Andrew Sullivan, President and CEO of The Internet Society speaks at AUB in Beirut, Tuesday, Nov. 27, 2018. (The Daily Star/Hasan Shaaban)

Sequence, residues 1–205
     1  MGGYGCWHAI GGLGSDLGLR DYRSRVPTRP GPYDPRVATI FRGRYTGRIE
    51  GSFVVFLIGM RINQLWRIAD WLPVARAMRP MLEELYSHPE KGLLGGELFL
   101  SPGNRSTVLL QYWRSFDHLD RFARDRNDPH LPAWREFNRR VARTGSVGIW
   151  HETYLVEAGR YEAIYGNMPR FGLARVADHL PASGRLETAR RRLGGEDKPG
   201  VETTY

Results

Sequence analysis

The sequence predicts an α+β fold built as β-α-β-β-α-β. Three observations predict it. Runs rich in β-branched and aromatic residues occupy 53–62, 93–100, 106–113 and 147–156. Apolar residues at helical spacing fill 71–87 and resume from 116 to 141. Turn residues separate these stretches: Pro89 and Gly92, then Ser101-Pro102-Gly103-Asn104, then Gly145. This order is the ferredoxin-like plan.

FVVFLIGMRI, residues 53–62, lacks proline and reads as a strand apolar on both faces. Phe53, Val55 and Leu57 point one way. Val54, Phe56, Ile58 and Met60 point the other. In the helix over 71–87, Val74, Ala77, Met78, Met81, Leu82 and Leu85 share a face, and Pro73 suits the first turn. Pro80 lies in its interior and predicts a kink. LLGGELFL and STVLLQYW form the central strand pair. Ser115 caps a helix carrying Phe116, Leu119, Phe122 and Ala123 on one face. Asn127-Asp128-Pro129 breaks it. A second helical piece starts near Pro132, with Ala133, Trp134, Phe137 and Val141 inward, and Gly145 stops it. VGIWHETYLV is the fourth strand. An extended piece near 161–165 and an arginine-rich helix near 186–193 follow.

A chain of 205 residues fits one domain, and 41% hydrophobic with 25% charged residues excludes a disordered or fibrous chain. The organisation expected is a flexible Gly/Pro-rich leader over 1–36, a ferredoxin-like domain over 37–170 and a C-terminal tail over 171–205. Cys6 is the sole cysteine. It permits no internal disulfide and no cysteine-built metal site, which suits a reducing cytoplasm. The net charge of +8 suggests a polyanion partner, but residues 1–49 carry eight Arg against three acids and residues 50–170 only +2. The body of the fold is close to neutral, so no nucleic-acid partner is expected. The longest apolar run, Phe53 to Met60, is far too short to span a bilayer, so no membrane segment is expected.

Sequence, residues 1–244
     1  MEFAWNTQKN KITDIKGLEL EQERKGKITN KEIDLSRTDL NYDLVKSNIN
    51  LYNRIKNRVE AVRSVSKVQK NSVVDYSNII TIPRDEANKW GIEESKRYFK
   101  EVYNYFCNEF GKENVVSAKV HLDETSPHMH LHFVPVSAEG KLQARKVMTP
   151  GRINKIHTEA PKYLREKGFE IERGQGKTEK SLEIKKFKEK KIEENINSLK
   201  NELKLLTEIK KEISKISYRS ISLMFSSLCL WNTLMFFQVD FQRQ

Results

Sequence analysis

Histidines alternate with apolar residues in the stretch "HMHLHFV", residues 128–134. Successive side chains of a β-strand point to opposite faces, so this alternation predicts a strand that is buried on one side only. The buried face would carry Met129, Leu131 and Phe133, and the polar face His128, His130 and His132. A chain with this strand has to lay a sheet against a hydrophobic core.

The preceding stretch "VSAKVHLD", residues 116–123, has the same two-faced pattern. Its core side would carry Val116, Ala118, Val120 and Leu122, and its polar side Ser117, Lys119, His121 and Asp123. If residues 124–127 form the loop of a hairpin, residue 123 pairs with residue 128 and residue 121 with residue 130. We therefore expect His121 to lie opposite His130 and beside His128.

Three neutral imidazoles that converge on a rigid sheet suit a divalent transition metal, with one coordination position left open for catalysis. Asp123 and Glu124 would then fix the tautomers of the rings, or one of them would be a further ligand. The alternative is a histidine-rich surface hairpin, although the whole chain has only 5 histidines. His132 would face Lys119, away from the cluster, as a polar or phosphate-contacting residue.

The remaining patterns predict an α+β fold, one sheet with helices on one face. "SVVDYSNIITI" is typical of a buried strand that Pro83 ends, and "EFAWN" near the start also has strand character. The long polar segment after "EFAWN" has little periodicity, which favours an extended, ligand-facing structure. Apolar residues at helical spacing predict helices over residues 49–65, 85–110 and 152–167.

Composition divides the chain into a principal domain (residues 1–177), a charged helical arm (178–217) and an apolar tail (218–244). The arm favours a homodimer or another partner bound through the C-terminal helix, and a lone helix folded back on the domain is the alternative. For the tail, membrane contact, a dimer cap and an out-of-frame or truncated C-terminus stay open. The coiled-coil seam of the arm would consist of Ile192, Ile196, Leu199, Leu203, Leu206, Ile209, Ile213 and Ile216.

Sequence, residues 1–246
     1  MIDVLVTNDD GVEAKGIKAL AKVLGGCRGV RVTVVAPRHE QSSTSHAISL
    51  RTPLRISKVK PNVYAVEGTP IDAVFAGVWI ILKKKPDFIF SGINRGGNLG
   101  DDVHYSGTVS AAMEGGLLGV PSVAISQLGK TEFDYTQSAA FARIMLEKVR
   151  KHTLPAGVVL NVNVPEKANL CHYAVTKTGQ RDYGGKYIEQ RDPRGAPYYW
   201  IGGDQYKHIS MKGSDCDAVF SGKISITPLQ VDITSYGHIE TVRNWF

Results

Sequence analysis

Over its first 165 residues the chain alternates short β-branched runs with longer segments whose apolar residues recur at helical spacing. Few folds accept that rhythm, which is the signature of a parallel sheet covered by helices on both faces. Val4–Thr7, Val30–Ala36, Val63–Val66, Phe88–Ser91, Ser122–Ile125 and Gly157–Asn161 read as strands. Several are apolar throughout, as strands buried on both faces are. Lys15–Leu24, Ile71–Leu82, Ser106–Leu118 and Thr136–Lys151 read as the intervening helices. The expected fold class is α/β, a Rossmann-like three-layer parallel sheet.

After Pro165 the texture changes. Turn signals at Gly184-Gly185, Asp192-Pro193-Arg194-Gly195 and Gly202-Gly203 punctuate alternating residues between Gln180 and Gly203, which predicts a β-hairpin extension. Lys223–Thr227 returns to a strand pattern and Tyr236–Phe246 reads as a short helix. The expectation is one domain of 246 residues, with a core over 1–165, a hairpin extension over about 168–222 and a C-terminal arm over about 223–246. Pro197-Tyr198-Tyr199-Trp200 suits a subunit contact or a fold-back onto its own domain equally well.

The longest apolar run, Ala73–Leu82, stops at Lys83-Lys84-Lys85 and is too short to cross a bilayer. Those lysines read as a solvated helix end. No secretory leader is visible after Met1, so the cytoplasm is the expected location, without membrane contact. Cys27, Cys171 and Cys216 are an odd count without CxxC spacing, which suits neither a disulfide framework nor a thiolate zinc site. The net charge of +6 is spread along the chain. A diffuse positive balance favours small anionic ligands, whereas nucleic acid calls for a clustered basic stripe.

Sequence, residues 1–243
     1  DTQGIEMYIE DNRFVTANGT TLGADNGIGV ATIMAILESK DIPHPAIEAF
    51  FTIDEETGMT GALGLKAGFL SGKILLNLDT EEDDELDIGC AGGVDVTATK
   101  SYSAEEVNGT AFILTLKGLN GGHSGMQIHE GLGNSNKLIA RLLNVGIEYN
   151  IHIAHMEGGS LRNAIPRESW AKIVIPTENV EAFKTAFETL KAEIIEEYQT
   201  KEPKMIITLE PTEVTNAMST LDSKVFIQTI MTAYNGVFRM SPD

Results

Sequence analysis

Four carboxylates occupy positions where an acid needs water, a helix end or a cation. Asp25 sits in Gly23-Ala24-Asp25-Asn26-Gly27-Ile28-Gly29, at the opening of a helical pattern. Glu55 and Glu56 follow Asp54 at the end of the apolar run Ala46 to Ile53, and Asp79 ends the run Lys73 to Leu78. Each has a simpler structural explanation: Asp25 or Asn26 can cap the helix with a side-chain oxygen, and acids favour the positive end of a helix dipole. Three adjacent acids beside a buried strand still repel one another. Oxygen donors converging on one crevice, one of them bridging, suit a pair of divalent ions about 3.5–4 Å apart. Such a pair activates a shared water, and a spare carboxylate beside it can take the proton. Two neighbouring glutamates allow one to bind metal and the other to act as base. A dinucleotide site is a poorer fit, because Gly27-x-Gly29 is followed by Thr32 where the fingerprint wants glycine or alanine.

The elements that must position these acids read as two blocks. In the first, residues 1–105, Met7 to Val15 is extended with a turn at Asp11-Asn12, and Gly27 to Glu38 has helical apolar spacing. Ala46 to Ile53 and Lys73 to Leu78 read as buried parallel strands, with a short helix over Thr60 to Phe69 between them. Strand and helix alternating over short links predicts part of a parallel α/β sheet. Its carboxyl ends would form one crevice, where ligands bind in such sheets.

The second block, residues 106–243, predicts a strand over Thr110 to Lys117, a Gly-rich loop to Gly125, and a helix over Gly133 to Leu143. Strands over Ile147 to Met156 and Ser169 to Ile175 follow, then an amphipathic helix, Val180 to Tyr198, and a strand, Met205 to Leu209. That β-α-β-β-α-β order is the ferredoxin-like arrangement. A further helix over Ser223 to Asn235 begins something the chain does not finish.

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If the internet is to remain an open space, Lebanon might be well-placed to play a role in keeping it that way, according to Andrew Sullivan, the CEO and president of the Internet Society. Sullivan was recently appointed to his position in the global organization, which says it is "dedicated to ensuring that the internet stays open, transparent and defined by its users". He lost no time this week in acquainting himself with its chapter in Lebanon, which he described as "very active and effective". Sullivan said the organization had been preparing a global internet report this year, but had stalled the project as it came up with more questions than answers.With 75 percent of Lebanon's population using the internet as of 2016, in addition to a sizable number of digital experts in the country, Sullivan described Lebanon as a hub of opportunity for attracting digital development.He claimed that the social consequences of cutting-edge technologies, such as the "internet of things," which is predicted to connect millions of everyday objects to the internet by the middle of the century, would be neither unambiguously positive nor negative, but would rather provide an opportunity for "tremendous human development".
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